My Side Project: Vintage Hollywood Movie Lights Restored & Repurposed

After 30 years as a commercial photographerI've finally got my 1st hobby! 

Really wanted to be a painter, I really wanted to be a rock star. My career ended up giving me the chance to be neither of these things – and both. I take photographs. Mostly of musicians. It’s a pretty good life, for the most part. Assuming you don’t have any qualms about setting up cameras in a graveyard at midnight. Or being surrounded by 300 angry scorpions who don’t want to be in a studio. Or trying to keep a singer’s energy level up when she’s just come off a seven-month world tour with the worst case of dysentery in recorded history. All in a day’s work.

And the movie lights? 

These lights are the real deal. Meaning that they're old, and we’re designed and built as working tools for the movie industry. Each has been meticulously restored, rebuilt and rewired for home use. Finding great examples is a labor of love. These are the real-deal – the lights that literally helped define Hollywood’s golden age. The character and cool factor are far beyond the offshore knockoffs you’ll find in upscale malls. Complete with period- and manufacturer-correct rolling stand. Difficult to find, and nearly impossible in such immaculate condition.


"Thats What They Said"

"Often, lamps and stands are discovered separately. Scarpati is a stickler for detail, so he actually insists on matching every light to a stand made in the same time period. New wiring, a fresh bulb suitable for home use, and you’re good to go. If by now you’re realizing that all this entails a tremendous amount of sleuthery and hard work, you are correct. Occasionally, the internet will offer up a similar example of industrial hardware from Hollywood’s golden age. But nobody, nobody, even comes close to this level of restoration." -  ”Royal Circus“

"But for purists like John Scarpati, a Virginia photographer who restores and sells these lights in small batches, the only way to showcase them is in their original form – dents and all. “I still disassemble every part and do a complete off-frame restoration; I just don’t over-polish,” he says. “These lights exude an unparalleled sense of aesthetics.” His collection consists mainly of Hollywood classics: Mole-Richardson, Otto K Olesen and Bardwell & McAlister, whose imposing keg lights with metal roller stands and 6in Fresnel lenses are particularly sought-after.” -  "Financial Times“

"American photographer John Scarpati has taken to scouring old Hollywood studio supply warehouses in search of restoration-worthy examples. made between the 1920’s and 1940’s, each light is a one-of-a-kind original, complete with vintage stand or tripod.they exude the sort of patina that can’t be matched by cheaply mass-produced repros, yet ironically, the lights in his etsy shop actually cost less than the replicas available in upscale malls. ‘my personal favorite finish is a heavy, industrial, vibe,’ explains scarpati. ‘completely refurbished, but still keeping its vintage look intact. less of a polished finished and more real deal.’”-   "Designboom“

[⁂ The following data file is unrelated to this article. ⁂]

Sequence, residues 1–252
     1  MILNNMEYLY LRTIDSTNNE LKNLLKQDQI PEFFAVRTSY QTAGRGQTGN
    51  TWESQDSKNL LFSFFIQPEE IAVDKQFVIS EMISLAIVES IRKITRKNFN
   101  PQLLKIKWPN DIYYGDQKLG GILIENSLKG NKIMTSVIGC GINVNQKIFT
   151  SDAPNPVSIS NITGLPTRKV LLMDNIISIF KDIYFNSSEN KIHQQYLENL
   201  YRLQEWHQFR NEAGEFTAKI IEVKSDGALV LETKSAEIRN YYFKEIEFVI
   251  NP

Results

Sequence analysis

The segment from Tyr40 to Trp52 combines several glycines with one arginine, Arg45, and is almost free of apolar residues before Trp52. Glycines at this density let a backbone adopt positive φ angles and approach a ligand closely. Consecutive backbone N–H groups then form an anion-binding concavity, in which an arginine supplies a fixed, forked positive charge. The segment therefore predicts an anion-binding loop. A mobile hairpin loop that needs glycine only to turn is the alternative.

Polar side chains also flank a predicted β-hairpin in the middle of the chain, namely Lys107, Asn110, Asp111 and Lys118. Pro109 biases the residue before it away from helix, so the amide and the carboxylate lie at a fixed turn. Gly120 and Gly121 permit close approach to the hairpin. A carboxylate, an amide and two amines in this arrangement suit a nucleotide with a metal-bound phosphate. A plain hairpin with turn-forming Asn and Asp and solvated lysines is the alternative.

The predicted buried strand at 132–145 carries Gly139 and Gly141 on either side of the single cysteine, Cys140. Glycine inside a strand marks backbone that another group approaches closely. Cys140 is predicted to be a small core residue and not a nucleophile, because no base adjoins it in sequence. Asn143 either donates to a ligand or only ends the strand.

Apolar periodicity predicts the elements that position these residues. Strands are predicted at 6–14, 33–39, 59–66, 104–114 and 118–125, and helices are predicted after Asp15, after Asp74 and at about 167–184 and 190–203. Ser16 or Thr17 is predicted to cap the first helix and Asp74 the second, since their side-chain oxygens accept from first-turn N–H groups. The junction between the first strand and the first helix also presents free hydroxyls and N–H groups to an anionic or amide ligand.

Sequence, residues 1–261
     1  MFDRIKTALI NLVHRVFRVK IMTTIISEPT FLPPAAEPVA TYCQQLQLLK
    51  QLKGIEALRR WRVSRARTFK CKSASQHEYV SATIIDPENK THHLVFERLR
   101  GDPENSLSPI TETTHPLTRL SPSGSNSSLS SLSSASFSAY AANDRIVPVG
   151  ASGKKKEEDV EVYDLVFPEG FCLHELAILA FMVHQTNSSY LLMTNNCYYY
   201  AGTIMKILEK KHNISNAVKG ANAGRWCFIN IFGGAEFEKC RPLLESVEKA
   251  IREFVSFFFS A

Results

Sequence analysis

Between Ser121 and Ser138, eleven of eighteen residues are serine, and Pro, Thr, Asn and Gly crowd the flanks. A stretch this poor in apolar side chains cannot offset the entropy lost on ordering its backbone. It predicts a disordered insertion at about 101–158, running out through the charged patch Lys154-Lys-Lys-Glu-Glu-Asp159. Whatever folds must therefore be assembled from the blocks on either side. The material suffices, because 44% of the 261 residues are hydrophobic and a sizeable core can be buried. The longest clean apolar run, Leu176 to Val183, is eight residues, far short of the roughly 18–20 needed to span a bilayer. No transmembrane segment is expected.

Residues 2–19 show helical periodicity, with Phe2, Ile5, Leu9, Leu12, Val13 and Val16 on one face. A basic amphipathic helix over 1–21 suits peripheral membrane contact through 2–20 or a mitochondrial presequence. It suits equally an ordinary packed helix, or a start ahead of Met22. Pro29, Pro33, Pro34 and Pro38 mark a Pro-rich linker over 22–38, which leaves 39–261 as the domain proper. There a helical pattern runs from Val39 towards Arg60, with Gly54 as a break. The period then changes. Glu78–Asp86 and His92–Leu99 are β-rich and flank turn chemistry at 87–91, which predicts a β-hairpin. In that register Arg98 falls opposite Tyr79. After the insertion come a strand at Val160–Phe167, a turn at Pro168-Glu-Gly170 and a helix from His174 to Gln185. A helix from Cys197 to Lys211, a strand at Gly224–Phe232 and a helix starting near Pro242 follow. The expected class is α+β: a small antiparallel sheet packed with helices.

"Restoring these old beauties is definitely a labor of love for Scarpati. After tracking down one or two of these rare creatures stashed in a forgotten corner of some cavernous L.A. warehouse — a feat in itself — he gets them to his personal workshop, where he completely breaks down each to its individual parts. Every knob, lens and metal component is cleaned, stripped and refinished, with impossibly rare missing parts found and fitted.“Vintage Hollywood lights re-purposed as modern works of art.
 Over the three  decades music photographer John Scarpati’s lens has chronicled rock, metal and punk acts including Poison, Circle Jerks, Social Distortion, New York Dolls and Rush.  Scarpati has most recently taken to scouring old Hollywood studio supply warehouses in search of restoration-worthy lights to restore for domestic use. The lights were usually made between the 1920's and 1940’s, each is a one-of-a-kind original, complete with vintage stand or tripod. They exude the sort of patina that can’t be matched by mass-produced reproductions.”-   "the/HeaveyCurrent"

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